Sometimes the world seems to stand still – whilst other times it lurches forward at alarming speed
It has been a fascinating week. Sometimes the world seems to stand still – whilst other times it lurches forward at alarming speed. This has been a week when the world seems to have accelerated as we saw four of the trends we are watching in the Future of Work Research Consortium lurch forward. They are part of the portfolio of 32 trends we are tracking, and which we believe have the potential to significantly shape the world of work over the next two decades.
Two of the accelerating trends are clear from the joint agreement announced this week between Nokia and Microsoft. In this agreement we can see one of our trends, the development of ecosystems really moving forward. These ecosystems are the complex array of joint ventures and partnerships that increasingly define an industry sector. The agreement between these two giants is seen to be the basis for the emergence of a new ecosystem capable of creating the sort of value that has become so much part of the ecosystem surrounding Apple and its partners. The Nokia and Microsoft agreement also shows a second trend we are watching carefully – the emergence of mega-companies at the same time as the creation of ever wider clusters of micro-entrepreneurs who have the skills and knowledge to serve these entities. The agreement highlights the speed at which these future trends are re-shaping the business and work environment. They also show the challenges and opportunities they create.
From an internal perspective, the mega-company and ecosystem that will develop from the Nokia/Microsoft relationship will bring great opportunities to leverage complementary assets. But they also bring to the fore one of the areas of internal future proofed competency we have been studying – the capacity to work in a complex multi-cultural environment and to successfully build project teams capable of spanning functional and business boundaries. If the employees of these two companies fail to build these competencies, then the opportunities the new relationship creates will fail to materialise.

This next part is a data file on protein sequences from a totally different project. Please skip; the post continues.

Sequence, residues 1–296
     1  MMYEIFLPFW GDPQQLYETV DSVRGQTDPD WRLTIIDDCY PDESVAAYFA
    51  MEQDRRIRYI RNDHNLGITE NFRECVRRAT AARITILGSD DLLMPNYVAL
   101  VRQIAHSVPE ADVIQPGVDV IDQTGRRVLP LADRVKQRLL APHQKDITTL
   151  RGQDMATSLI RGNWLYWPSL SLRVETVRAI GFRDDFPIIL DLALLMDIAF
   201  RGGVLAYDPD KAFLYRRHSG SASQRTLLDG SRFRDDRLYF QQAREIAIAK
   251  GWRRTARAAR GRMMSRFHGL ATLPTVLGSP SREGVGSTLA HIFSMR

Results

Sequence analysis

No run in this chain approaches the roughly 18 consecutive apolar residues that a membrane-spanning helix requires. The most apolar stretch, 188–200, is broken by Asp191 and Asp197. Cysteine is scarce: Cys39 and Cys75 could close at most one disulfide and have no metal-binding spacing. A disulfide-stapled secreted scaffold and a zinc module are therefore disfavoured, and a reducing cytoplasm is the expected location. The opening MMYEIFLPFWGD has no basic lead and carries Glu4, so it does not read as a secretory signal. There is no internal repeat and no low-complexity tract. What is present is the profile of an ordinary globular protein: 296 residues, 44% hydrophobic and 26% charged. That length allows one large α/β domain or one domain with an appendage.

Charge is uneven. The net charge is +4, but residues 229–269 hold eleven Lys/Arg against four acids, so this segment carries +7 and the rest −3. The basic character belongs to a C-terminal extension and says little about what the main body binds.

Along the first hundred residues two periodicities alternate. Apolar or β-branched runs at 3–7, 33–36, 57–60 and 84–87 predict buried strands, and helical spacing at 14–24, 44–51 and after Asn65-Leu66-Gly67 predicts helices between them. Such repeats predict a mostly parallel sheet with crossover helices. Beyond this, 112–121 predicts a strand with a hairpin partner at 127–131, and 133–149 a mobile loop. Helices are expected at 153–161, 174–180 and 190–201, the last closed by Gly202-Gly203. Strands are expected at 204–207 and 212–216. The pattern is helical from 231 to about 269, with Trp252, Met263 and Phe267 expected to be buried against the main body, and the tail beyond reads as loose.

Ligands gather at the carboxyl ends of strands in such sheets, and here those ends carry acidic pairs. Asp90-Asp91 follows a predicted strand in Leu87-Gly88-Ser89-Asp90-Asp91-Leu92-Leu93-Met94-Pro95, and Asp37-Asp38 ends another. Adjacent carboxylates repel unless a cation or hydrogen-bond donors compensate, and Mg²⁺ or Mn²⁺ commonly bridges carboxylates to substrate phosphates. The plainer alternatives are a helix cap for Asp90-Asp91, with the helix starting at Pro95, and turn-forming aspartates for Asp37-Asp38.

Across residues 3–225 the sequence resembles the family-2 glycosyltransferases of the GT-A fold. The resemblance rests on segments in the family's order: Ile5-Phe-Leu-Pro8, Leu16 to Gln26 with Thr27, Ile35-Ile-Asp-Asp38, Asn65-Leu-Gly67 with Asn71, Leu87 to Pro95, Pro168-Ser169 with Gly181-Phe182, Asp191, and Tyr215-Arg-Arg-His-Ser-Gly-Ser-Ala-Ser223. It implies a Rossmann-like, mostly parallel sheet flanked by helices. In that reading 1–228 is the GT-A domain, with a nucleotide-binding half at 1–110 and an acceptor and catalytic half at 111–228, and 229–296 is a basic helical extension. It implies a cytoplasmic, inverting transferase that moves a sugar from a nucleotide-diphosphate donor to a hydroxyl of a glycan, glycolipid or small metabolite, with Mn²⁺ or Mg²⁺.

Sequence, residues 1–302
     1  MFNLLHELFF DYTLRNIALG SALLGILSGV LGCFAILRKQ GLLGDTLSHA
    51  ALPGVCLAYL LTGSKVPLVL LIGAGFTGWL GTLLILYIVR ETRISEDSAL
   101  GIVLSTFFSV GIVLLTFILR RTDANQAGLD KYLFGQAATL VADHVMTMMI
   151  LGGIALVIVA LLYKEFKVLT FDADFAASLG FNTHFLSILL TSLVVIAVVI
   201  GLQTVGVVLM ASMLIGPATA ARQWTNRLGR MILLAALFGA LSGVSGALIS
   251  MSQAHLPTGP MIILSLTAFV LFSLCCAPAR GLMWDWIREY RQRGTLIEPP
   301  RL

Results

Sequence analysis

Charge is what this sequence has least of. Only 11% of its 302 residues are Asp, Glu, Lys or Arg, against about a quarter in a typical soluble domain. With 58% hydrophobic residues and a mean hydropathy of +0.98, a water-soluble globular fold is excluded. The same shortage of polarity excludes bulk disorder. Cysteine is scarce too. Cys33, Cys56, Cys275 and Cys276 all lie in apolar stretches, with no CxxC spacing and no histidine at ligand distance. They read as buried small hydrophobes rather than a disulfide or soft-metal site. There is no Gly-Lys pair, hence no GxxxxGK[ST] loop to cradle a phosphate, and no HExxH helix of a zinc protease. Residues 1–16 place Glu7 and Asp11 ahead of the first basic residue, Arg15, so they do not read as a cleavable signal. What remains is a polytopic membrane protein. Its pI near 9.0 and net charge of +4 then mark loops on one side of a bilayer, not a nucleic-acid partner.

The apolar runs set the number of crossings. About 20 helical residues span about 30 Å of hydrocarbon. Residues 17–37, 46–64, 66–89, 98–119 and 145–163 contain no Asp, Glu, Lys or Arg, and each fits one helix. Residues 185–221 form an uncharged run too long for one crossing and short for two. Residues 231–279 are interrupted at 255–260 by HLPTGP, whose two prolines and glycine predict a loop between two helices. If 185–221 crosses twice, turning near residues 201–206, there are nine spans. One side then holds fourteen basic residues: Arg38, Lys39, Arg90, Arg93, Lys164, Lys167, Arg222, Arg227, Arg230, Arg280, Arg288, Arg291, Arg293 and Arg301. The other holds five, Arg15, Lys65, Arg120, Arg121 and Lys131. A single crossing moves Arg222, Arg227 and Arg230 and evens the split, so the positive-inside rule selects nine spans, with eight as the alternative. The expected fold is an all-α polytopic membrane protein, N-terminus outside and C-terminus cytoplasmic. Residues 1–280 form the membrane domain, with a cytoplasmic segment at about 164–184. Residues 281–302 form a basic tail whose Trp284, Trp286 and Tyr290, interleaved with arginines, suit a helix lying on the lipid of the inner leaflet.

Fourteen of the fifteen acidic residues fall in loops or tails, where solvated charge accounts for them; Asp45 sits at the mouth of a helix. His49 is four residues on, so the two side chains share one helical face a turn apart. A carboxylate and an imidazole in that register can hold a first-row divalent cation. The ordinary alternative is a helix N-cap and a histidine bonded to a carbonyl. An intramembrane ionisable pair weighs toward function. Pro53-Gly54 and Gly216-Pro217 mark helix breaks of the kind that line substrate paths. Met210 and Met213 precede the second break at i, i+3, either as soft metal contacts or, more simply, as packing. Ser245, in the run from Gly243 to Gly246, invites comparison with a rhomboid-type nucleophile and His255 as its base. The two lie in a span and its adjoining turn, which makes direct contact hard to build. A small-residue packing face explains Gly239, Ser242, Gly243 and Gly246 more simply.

These are big challenges – in fact when we recently asked over 3,000 executives from around the world to rate 20 internal capabilities with regard to the risk they posed to the future of their business – many ranked ‘working across boundaries’ as the number one area of risk. So we can predict right now that the relationship will require a great deal of skill.
What the Nokia/Microsoft relationship shows is the speed at which future trends are shaping our world of work right now. It also highlights that as the business world is re-shaped, the competencies that may have worked in the past look woefully inadequate for the future. Leading teams with a similar cultural background takes a fraction of the skills needed to lead a team made up of more than one dominant mindset. We will be watching the executives from Microsoft and Nokia with great interest – they have found their world rapidly re-shaped by the future trends that will have an impact on many others. Let’s see what we can learn from them.
And the other future trends we have seen played out this week? Well, readers of my blog know that one of the trends I am fascinated with is ever increasing connectivity and the impact it will have on work and social life. In Tahrir Square this week, we saw first hand the impact that connectivity from social media such as Twitter and Facebook had on the enthusiasm, courage and direction of people right across Egypt. It also shows another future trend we are following with interest – the rise of Gen Y and the extent of intergenerational-cohesionwith Baby Boomers and Traditionalists. What is clear from Egypt is that when one generation is so far removed from another, and so unable to imagine their aspirations and hopes – then cohesion will ebb away.
It has been a momentous week for the 32 future-trends we are watching. I cannot wait to see what next week will bring.
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